Figure 3. Evaluation of selected Utah municipalities interior (top) and exterior (lower) water conservation programs as submitted in their HB 418 water conservation plans (1999). Categorized by the rate of use, or in some instances not applicable
Figure 4. The 2004–2009 evaluation of selected Utah municipalities’ interior (top) and exterior (lower) water conservation programs, as directed by HB 71. Categorized by the implementation of water conserving programs outlined within the HB

Rainwater Harvesting: A Popular Diversion
Recent legislation has recently added another dimension to water conservation efforts: rainwater harvesting. While the harvesting of rainwater is an ancient worldwide practice dating back to circa 1,500 B.C. (Hicks 2008), individuals have been unable to practice it, due to the state of Utah’s established water laws that follow the Doctrine of Prior Appropriation. The major tenants of the law are “First in time is first in right“, and “Use it or lose it.” During the early-anglo settlement, the right to use water was simply established by diverting the water from its primary source and then applying it for a beneficial use.

Consequently, the prior interpretation of rainwater harvesting meant that water was being removed from use downstream and appeared to contradict the “First in time, first in right“ doctrine. However, Senate Bill 128 is representative with how individuals view water in Utah and may promote greater water stewardship. While the amount of water that can be harvested is only 2,500 gallons in an underground container or 55 gallons in two aboveground containers/parcel (lot), it may facilitate increased wise water use applications of nonpotable water in landscape and toilet flushing. Particularly, when rainwater harvesting contributes positively to the equation, that describes monthly conservation practices: Supply > Demand (Kinkade-Levario 2007).

Figure 5.

The Ultimate Partnership: Pricing and Conservation
HB 418 forges a link between water rates and conservation with the statement that, “Water conservation plans may include information regarding: (among other things) water rate structures designed to encourage more efficient use of water.” The latest document produced by the Utah Division of Water Resources (UDWR) in its State Water Planning Program, titled “The Jordan River Basin Plan” (2010), points out the major difficulty in setting water rates for conservation in Utah: Water is cheap. The average cost per 1,000 gallons of water in the Jordan River Basin, where most of the people live, is just $1.60. The state average is $1.15, compared to the national average of $2.50.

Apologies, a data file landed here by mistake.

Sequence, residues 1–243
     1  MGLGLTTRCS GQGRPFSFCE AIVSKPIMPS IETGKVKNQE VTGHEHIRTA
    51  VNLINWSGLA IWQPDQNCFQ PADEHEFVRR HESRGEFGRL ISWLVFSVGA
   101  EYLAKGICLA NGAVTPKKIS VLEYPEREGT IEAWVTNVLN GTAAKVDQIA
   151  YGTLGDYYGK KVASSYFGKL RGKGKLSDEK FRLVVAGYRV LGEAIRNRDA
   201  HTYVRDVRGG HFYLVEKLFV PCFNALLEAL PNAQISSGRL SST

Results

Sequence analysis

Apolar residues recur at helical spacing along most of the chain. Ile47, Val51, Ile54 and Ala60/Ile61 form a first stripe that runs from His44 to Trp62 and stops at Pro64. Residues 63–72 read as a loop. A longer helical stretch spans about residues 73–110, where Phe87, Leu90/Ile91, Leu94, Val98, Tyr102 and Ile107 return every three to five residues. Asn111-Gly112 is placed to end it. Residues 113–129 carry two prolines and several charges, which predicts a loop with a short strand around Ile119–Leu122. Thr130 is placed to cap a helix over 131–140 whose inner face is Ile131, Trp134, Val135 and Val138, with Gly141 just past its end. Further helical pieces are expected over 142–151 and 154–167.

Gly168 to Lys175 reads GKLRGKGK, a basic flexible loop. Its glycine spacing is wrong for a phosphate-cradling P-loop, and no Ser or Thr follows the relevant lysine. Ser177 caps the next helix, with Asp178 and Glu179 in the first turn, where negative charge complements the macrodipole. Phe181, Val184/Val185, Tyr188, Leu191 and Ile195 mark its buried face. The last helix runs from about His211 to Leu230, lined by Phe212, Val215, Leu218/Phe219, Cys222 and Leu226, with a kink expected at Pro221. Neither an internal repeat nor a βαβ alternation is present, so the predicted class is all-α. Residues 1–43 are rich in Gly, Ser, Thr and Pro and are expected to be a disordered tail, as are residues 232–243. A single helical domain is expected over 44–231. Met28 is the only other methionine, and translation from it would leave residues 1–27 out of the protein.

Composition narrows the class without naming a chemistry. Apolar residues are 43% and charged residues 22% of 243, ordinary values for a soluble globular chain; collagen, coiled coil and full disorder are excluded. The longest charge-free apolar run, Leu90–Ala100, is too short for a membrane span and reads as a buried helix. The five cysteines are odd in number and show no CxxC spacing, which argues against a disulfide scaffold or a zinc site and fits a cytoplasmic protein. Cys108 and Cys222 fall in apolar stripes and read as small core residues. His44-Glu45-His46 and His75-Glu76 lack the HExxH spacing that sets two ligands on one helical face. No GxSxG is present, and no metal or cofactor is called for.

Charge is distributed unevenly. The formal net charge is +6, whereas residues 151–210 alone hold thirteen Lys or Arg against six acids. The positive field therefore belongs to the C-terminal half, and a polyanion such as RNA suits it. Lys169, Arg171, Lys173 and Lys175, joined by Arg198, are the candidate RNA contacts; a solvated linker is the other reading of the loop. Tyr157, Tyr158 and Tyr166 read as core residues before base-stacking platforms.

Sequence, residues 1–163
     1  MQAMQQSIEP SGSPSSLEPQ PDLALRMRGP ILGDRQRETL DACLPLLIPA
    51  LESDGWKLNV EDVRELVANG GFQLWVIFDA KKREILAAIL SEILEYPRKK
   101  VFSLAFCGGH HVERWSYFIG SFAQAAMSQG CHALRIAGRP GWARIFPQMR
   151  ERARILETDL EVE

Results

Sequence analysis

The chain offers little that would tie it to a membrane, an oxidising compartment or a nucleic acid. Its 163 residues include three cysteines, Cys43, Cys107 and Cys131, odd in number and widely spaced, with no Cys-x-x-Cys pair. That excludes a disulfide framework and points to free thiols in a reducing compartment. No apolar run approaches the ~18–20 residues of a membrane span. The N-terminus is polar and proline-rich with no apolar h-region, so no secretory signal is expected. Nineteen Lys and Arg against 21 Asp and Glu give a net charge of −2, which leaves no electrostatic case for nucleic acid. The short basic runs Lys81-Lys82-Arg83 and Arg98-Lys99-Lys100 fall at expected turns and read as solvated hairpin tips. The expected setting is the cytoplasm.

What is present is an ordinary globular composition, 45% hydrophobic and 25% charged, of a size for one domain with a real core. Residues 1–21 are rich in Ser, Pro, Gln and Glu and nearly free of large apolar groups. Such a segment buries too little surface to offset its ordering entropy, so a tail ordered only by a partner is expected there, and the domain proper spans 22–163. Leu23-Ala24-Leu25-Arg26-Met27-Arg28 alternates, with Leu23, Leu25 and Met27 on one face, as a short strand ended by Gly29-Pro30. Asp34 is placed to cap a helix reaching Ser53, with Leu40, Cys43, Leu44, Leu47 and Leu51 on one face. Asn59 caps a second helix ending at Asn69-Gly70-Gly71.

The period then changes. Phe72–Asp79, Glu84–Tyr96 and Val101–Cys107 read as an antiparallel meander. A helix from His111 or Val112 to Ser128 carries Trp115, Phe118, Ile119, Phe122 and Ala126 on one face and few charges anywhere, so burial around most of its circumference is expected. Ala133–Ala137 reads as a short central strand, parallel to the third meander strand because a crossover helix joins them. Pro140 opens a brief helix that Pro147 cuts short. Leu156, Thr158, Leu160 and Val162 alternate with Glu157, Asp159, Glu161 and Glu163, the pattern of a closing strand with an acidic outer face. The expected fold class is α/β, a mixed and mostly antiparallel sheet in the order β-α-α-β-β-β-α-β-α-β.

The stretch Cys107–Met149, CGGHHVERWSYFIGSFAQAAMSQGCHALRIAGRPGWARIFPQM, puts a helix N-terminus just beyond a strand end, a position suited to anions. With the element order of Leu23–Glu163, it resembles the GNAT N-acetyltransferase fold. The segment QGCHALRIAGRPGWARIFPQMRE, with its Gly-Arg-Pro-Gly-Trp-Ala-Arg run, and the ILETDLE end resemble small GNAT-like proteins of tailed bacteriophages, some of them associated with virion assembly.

A widespread custom used in setting water rates is to set the price of water at a level where revenues equal the cost of delivery. To stay true to this cost of service, principle cities and districts avoid increasing the price of water to incentivize customers to achieve their conservation goals. Instead, some utilities have moved into some innovative conservation rate structures. Salt Lake City, for example, adopted a seasonal rate structure, as have five other major water suppliers in Salt Lake County. Some suppliers have added an increasing block feature to their summer rate.

A somewhat-new form of rate structure that is slowly gaining popularity sets a water budget or allocation for each customer in the residential, commercial, or other customer classes. No water providers in Utah have implemented this as of yet, but one major conservancy districts and one improvement district are taking a serious look. This water budget rate structure combines improved education on an enhanced water bill with tough overage charges for water used in excess of the water budget. With this one, the utility is responsible for deciding what amount of water constitutes efficient use for each customer. The customer is responsible for using water appropriately or paying a much higher price for the wasted water. In some cases, the extra revenue from the higher rates is used to fund conservation programs targeted toward helping those who are using excessive amounts.

Utah’s most popular conservation rate structure is the increasing block rate with 42% of the drinking water systems using it. As also with the other rate structures mentioned, a base fee ranging from $2.88 to a high of $36 is applied for each customer, and often, no water is granted for this fee (UDWR 2010). An increasing commodity charge is then set for each succeeding price block.

Conclusion: Conservation’s Bottom Line
Municipalities of all population sizes implemented many proactive and measurable additions into their water conservation plans. Several larger municipalities had exemplary water conservation plans that were both quantifiable and visionary. WJC is one example of successfully implementing comprehensive BMPs. Since HB 418, their per capita water use has decreased from 227 gallons per capita per day (gpcpd) to 193 gpcpd. These values reflect a 15% decrease in use from 2000.

Moreover, the effectiveness of their water conservation programs is reflected in their expenditures and project water savings, according to WJC’s 2009 Water Conservation Plan Update. Evaluation of the selected plans illustrated that conservation, education, and equitable water rate structures are a necessary component for dynamic water conserving plans. The magnitude of providing adequate and quality water, while promoting water conservation ethics, will require continued vigilance and evaluation of the BMPs described within both house bills. The future of Utah’s water is dependent upon commitment from the entire spectrum of water users and a heightened recognition of our interdependency to all life, and that our actions will benefit a future that we cannot see. 
About the Author

Lyle Summers and Shaunna Goldberry